The stance of the government to act as lender of last resort may not be unreasonable, but there might be better ways of accomplishing it. Press reports indicate that the government of New Zealand has provided a standby facility to Air New Zealand which, it has been reported, can only be accessed once reserves dip below a set amount. If the UK government were to take a similar approach and provide a standby facility to be accessed after all fund raising avenues had been explored and when cash reserves reach a trigger, the very existence of the facility would assist airlines and other aviation companies in raising other finance and managing stakeholders. Shareholders may be willing to make a contribution but raising equity funding for companies with more than a handful of shareholders can be a time consuming and costly process. An alternative way that the government could provide support would be a bridging facility while equity fund raising is undertaken, with the government underwriting the issue to ensure repayment. If some shareholders cannot or do not wish to invest more, then they could be diluted.
Some have argued that if the government provides a loan facility to save an airline from insolvency, it should benefit from a shareholding of some kind because the equity would otherwise be wiped out in an insolvency. In the aftermath of the terrorist attacks in September 2001 there was a severe downturn in air traffic and the solvency of certain airline and other aviation companies was challenged. In one UK case, government support was part of the solution. It was, however, provided on a “matching” basis alongside participation from the existing bank lenders and the shareholders. Historically, this has been a typical structure adopted when the UK government finds policy reasons to help a failing business.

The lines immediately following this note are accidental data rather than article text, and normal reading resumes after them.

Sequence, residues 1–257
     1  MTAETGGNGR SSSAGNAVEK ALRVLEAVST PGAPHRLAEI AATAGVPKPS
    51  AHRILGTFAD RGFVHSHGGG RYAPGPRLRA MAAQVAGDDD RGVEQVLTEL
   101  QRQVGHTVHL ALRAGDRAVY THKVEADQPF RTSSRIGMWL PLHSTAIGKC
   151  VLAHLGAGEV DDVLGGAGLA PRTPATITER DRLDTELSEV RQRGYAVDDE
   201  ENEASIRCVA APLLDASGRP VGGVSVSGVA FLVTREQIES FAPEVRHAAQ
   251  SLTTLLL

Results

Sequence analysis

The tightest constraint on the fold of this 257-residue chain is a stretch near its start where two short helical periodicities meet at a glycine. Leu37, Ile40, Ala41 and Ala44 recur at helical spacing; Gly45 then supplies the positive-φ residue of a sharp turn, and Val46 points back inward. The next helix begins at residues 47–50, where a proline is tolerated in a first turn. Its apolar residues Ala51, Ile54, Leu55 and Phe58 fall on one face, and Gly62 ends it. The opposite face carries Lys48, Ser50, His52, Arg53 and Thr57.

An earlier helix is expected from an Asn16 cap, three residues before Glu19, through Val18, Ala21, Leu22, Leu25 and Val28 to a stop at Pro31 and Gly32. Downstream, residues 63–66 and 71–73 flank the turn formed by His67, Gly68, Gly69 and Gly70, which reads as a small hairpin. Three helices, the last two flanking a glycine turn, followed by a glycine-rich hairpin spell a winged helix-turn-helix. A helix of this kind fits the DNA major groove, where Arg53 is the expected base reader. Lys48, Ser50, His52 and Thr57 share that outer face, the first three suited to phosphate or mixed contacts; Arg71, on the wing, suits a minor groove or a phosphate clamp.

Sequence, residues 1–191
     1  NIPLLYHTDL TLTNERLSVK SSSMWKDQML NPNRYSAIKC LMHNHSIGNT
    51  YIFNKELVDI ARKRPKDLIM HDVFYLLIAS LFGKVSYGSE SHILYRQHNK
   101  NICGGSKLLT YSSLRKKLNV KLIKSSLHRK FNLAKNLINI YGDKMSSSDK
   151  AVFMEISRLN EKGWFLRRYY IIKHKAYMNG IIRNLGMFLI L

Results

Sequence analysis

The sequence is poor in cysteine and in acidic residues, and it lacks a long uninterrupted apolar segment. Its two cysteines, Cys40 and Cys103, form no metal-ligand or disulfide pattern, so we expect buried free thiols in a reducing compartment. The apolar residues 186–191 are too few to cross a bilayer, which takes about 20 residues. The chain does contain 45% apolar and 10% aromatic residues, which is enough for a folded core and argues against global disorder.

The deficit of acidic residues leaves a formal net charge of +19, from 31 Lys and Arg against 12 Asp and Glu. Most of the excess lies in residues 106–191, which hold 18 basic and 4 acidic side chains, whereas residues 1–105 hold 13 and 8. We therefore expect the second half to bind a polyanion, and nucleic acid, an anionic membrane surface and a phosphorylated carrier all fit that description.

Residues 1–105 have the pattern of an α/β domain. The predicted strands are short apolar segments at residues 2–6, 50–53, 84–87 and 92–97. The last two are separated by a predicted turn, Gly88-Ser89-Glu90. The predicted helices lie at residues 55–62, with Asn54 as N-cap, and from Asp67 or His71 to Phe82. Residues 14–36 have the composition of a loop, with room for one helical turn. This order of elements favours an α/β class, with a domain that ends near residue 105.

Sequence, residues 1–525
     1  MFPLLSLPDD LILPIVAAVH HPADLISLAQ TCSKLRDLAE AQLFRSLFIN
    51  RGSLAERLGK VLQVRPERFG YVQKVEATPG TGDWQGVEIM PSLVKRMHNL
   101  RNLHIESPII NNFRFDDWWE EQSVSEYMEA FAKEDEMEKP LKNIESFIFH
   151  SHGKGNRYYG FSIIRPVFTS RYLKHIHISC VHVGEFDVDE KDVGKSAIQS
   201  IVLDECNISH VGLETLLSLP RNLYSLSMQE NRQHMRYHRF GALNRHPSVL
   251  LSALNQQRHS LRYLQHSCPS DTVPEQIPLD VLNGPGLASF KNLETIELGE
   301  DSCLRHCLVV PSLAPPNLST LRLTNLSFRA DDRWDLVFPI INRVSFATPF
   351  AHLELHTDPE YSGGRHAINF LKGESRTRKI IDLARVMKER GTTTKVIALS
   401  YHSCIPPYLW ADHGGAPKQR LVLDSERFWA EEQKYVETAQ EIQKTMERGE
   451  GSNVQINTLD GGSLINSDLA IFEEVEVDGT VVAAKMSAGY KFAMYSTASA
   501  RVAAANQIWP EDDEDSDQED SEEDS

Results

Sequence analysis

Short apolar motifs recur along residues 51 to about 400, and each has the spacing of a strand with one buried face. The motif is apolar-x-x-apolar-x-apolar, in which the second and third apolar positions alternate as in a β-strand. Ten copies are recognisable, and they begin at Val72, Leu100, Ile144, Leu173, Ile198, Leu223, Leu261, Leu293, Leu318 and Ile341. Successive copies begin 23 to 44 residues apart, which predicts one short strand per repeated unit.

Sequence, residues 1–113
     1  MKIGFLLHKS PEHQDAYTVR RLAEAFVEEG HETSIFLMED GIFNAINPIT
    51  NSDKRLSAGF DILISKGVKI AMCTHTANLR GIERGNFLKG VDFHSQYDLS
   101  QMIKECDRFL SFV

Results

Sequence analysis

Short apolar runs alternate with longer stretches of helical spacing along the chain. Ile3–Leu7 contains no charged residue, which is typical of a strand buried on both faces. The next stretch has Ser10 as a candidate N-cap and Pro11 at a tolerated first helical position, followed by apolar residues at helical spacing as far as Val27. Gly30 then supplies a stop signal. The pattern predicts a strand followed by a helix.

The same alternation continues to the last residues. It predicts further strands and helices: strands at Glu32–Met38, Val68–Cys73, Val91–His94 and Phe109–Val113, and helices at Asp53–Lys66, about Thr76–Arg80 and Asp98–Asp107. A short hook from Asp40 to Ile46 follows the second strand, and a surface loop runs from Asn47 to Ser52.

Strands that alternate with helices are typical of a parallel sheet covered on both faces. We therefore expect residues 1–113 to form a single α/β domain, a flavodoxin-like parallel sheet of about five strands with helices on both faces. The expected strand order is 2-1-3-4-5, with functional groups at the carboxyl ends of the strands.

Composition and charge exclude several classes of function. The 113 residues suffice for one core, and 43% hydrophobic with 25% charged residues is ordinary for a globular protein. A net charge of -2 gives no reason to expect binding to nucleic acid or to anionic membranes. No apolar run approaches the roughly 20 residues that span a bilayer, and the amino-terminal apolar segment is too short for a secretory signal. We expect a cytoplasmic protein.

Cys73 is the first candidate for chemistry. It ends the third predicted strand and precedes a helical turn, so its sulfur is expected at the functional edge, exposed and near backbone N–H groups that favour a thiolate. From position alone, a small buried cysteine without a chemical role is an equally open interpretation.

Without appropriate conditions, shareholders with other pressing liquidity demands on them, either in relation to their own business or to other investments which they hold, might refuse to contribute to a restructuring package. A potential dilution of their shareholding in the airline or aviation company would be a strong incentive to provide additional liquidity or at least not to use the Government support until it is the “last resort”. It is reported that the US package for airlines has such a provision as one of its conditions. The UK government could, for instance, require the issue of share warrants convertible to ordinary shares if government loans are not repaid on time, as a condition to support – this could be achieved quickly and would avoid an immediate shareholding dilution if the airline is able in due course to return to trading activity sufficient to repay the government loan.
If the UK government does decide to provide support, care needs to be taken to avoid abuse and minimise the anti-competitive effects. A bland statement of “last resort” support may well be insufficient and uncompetitive in the global market and the current circumstances challenging the aviation industry.